Exercise Addiction recovery
It has taken a lot of effort to find balance, but every ounce was worth it.

Honestly, I struggled with starting this blog post without tearing up. Overcoming the addiction was perhaps the hardest thing I had to do, and back then I believed it would kill me before I’d scrambled back to balance. I will attempt to keep this coherent, ensuring the post raises awareness, outlines my story, and helps anyone whose relationship with exercise is less than optimal, but I cannot promise the absence of garble due to the emotive nature of the topic involved!

So, what is exercise addiction?  Continue reading “Exercise Addiction: The Dark Side of Fitness”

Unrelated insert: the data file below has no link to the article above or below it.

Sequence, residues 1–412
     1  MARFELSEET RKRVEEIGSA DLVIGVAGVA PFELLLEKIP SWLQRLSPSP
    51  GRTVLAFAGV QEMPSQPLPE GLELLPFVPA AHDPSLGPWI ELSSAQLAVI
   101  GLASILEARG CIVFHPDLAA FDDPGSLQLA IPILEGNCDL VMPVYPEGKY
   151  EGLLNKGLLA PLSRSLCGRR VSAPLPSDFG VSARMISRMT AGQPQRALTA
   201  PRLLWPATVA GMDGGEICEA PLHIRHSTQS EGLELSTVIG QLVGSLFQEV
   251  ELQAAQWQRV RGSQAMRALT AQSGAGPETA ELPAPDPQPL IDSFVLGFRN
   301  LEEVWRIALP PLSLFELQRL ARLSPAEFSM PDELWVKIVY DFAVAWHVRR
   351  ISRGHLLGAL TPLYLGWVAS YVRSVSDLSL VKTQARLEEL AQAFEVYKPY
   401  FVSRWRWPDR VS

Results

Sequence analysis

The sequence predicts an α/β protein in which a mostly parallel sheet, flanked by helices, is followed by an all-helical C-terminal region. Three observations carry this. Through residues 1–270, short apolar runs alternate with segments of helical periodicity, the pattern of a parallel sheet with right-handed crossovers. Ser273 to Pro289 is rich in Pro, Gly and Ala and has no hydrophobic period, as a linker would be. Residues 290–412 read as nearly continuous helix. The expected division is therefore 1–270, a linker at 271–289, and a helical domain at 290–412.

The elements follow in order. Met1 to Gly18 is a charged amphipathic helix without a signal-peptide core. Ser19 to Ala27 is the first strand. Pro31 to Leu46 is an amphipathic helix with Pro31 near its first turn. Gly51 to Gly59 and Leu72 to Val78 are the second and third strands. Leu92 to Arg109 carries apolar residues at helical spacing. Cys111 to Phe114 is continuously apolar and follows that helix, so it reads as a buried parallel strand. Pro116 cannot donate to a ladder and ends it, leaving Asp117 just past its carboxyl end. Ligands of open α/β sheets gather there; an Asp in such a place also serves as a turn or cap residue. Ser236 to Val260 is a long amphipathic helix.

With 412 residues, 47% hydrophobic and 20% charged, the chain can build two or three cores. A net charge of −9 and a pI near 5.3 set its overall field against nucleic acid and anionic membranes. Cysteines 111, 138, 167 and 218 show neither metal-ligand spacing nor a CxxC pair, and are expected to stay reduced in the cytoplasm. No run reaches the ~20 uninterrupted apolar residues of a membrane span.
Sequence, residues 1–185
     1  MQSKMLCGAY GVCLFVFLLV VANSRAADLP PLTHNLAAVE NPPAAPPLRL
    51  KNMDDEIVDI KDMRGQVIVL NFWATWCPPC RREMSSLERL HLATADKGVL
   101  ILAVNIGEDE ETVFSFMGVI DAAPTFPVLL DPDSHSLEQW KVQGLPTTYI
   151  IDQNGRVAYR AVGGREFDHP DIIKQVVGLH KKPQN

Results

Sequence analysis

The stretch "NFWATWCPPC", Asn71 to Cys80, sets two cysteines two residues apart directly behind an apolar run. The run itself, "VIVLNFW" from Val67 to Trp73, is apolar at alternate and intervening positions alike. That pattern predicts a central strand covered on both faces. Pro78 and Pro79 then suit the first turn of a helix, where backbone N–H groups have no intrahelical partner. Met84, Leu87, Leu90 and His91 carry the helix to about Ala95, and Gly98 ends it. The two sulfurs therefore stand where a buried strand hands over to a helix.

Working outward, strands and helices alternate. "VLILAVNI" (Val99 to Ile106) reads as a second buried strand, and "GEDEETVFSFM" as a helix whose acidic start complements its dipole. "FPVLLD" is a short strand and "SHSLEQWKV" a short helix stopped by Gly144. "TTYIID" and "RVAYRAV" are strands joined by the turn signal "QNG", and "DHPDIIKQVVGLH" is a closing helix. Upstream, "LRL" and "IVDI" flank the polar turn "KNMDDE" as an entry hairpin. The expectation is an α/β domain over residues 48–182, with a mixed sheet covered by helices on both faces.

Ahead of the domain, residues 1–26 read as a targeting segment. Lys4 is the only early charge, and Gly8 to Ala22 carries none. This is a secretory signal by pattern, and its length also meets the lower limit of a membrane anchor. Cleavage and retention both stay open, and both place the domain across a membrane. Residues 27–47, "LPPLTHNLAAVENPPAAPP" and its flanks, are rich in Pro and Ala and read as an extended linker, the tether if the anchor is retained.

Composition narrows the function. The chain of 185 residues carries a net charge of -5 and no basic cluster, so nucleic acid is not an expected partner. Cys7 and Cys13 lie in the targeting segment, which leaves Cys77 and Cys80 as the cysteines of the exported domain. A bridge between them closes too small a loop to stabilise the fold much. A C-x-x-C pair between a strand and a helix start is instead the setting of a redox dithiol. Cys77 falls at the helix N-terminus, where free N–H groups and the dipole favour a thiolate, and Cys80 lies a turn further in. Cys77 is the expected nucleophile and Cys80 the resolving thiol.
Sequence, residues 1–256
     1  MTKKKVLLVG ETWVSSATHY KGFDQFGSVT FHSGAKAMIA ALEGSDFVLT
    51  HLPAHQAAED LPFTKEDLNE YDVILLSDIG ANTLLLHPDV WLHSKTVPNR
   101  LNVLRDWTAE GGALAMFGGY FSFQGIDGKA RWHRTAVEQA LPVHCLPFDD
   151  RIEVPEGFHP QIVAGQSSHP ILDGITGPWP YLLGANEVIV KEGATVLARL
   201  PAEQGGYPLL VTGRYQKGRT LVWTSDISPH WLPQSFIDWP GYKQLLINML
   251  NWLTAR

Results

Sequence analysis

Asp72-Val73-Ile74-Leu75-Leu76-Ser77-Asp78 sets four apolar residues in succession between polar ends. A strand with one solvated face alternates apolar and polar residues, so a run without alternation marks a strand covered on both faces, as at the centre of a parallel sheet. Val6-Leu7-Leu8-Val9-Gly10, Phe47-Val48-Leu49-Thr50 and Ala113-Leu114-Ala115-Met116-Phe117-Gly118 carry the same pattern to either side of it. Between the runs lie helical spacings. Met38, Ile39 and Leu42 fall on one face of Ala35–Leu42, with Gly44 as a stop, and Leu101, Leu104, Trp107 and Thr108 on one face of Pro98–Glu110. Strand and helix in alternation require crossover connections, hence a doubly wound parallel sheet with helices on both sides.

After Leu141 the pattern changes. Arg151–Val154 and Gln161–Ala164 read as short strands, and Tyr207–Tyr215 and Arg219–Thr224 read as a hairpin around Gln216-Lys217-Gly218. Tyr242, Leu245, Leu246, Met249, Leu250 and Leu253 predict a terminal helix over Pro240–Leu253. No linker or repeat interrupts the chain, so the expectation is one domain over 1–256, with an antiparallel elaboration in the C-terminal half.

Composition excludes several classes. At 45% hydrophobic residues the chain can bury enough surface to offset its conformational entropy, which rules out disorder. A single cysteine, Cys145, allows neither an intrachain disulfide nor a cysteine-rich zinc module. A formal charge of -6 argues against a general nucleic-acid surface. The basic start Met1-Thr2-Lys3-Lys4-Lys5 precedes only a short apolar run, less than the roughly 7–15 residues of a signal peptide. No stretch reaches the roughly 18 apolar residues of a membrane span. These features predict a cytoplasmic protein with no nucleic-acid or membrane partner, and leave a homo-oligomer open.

My Morning Routine 2017: Healthy but Realistic

Hi dears!

I understand the appeal of continuously hitting the snooze button and hauling yourself out of bed fifteen minutes before you’re supposed to leave. I understand the appeal of skipping breakfast (but at the same time I don’t, because honestly, the first thing I think about when I wake up is food #noshame). However, given that you’re able to fall asleep at a reasonable time, allowing yourself plenty of space each morning to pursue a routine can help with emotional wellbeing enormously, given how much you can adapt and tailor this to your own personality and preferences.

The routine aspect is important. I’ve been an early riser for many years, and a lover of mornings, but as of recent I’ve managed to create a list of things to fill those extra hours that are much more mindful, more energising than an aimless scroll through Instagram. Okay, the Instagramming is still there, but I try to make it constructive&controlled.